Tottenham cannot afford another reckless splurge if they cash in on £150m Harry Kane after they blew Gareth Bale’s £86m fee on SEVEN players in 2013… Daniel Levy must sign a worthy successor up front and a leader in defence
- READ: Harry Kane has told Tottenham he wants to leave the club this summer
- The forward would cost upwards of £150m amid interest from City and United
- The club sold Gareth Bale for £86m in 2013 and went on a summer splurge
- But most of those seven signings flopped and Spurs will have learned lessons
- Spurs will not be able to move on from Kane unless they replace him properly
- The man to rebuild could yet be Pochettino, who has told PSG he wants out
The bitter pill of selling your prized asset often comes with the soothing chaser of what follows – money. There will be plenty of that should Tottenham sanction Harry Kane’s exit this summer.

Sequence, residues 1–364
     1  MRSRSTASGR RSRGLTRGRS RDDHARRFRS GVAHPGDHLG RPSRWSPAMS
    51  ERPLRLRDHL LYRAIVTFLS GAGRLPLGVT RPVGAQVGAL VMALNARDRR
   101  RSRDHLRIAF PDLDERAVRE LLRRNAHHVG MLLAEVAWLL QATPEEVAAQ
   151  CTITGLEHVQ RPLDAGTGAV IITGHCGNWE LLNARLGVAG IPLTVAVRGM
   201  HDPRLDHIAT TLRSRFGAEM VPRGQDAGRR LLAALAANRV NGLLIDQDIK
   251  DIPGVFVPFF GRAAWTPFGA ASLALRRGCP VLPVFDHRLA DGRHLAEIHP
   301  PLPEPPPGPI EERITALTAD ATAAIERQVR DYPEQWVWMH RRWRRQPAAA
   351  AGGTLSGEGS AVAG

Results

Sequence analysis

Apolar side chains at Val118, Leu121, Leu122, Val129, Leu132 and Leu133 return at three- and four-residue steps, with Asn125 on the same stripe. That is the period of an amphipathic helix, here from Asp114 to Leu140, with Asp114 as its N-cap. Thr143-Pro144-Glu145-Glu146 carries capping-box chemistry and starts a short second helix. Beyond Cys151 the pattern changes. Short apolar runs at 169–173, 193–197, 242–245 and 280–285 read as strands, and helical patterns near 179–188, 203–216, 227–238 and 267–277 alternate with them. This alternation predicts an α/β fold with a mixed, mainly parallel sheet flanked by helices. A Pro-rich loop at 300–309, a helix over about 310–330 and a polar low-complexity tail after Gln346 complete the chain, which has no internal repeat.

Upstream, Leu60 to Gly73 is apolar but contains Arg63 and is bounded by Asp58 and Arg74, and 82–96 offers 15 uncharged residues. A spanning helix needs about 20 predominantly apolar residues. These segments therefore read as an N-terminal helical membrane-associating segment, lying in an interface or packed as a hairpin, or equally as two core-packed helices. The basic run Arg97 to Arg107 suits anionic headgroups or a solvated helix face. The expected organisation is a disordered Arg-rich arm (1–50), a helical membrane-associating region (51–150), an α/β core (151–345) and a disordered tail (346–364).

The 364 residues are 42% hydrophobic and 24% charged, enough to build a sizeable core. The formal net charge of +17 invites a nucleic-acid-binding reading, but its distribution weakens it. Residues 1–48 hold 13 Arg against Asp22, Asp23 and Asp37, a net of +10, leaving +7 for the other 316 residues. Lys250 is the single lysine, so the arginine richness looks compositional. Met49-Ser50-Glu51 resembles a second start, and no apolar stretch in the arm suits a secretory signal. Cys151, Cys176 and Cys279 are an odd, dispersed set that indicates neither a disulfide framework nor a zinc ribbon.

The England captain has joined the likes of Dimitar Berbatov, Luka Modric and Gareth Bale in growing disillusioned with life in north London – telling the club he wants to leave this summer in a bid to add some trophies to his sparkling CV.
At 27 and freshly crowned as the Premier League’s Golden Boot winner for the third time after his final-day strike against Leicester, Kane is in the prime of his career and time is running out to end it with the honours his talent deserves. Make no mistake that his talent will garner a huge transfer fee, mooted to be around £150million.
Tottenham chief Daniel Levy (left) faces an important decision over Harry Kane this summer
Newly-crowned Golden Boot winner Kane has told the club he wants to leave this summer
Spurs chief Daniel Levy – notoriously a difficult man to negotiate with – will only accept a monumental offer knowing he possesses one of the best strikers in world football who has three years left to run on his contract.
But it’s what Spurs do with that enormous fee that will define how they move on from Kane. In 2013, when Tottenham sold Bale – their best player who had just carried the team through the previous season – their attitude was: throw enough mud at the wall and some will stick.